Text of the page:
Details of the seemingly charmed life of an international jazz star. Memories of the rough-and-tumble heyday of Chicago blues, and the tiny independent record labels that nurtured it. A collection of exquisite moments in the lives and performances of some of the jazz greats, captured in real light.
There's a new book for every jazz and blues enthusiast this year.
Author Maxine Gordon is an arts advocate, jazz historian, archivist, activist, manager and producer. She more than fulfills a promise she made to her husband to finish the autobiography that he had worked on sporadically for years. Maxine adds her own perspective, humor and grace to the story of Dexter Gordon, a man Sonny Rollins called "a great musician of the highest level and a great human being of the highest level."
Chicago-based Alligator Records brought the urban blues to fans worldwide starting in the 1970s, and it continues today with a roster of outstanding artists, including Shemekia Copeland, Tommy Castro and Marcia Ball. Founder Bruce Iglauer outlines the label's humble beginnings, tells some great stories about the musicians, and gives us a peek into the music business and the drastic changes he's witnessed over the years. Iglauer's writing style is friendly and casual, and his love for the music and musicians is evident on every page.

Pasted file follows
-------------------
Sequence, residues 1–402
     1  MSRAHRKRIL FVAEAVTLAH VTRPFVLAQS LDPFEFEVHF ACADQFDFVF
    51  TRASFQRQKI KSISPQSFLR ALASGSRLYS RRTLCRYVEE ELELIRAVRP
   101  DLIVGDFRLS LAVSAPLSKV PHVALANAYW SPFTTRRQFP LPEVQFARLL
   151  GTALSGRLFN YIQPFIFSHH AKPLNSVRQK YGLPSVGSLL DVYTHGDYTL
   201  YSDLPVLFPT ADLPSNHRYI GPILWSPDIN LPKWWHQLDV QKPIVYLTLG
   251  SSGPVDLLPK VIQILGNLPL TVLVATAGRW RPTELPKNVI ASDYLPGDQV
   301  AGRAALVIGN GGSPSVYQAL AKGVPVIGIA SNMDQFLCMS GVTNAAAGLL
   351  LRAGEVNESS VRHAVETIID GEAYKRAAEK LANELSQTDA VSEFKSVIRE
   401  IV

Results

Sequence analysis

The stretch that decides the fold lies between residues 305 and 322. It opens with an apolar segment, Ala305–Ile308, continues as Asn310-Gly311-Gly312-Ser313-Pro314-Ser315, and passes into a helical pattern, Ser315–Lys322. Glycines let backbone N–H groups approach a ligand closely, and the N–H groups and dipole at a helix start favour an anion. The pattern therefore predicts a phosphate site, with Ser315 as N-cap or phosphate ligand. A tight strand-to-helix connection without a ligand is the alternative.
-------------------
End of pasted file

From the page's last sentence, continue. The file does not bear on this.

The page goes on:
Jazz fanatic Veryl Oakland picked up his first camera at age 25. Determined to document the West Coast jazz scene his own way, Veryl decided to use only natural light for his photos, no flash or lamps. It made for more relaxed sessions, allowing the musicans more freedom and less distraction. This beautiful coffee-table sized volume of Oakland's work from the 1960s through the 1980s contains some photos that will be familiar to jazz fans, having appeared in books, magazines and album covers. The rest of the collection has a very personal feel, and Veryl's stories further illuminate the subjects of his lens.
Robin Lloyd hosts Midday Jazz and Jazz Caliente on KNKX-FM. She is a member of the Jazz Education Network, and currently serves on the board of the Jazz Journalists Association.